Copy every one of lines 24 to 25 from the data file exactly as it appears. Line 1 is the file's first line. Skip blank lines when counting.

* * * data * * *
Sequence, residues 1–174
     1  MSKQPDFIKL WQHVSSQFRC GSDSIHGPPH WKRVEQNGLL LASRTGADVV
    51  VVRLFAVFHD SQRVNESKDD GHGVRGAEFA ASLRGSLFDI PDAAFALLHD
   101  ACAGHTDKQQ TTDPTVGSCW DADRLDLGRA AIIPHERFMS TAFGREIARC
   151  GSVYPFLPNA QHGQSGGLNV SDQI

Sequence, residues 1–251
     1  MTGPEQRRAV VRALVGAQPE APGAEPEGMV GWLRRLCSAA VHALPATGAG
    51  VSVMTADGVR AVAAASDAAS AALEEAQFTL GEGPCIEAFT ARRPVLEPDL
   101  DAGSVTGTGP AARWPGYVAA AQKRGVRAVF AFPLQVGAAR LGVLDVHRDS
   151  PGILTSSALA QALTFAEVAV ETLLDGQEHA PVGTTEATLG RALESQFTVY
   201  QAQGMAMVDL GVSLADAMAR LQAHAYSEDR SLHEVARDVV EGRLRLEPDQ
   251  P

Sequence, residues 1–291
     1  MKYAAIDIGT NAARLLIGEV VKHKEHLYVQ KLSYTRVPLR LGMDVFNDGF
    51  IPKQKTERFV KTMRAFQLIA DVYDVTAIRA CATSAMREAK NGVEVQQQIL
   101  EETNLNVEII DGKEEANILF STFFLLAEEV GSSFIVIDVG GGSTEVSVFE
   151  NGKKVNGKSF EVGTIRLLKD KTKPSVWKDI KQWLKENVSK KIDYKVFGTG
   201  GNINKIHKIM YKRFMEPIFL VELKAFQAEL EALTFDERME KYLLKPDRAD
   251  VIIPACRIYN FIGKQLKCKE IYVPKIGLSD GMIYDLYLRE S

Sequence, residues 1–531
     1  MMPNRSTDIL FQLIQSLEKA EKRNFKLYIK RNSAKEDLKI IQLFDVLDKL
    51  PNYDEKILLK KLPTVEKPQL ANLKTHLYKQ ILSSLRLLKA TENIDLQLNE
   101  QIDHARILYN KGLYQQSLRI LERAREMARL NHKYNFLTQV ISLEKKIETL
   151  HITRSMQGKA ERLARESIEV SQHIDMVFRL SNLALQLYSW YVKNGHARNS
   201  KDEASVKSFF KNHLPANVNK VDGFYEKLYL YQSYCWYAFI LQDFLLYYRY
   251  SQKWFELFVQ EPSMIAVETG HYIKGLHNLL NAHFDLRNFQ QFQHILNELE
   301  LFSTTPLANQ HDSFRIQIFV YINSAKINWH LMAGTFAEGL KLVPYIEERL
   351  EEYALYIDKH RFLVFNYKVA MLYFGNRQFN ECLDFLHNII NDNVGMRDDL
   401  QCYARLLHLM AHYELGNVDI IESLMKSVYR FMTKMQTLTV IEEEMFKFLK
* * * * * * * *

   151  HITRSMQGKA ERLARESIEV SQHIDMVFRL SNLALQLYSW YVKNGHARNS
   201  KDEASVKSFF KNHLPANVNK VDGFYEKLYL YQSYCWYAFI LQDFLLYYRY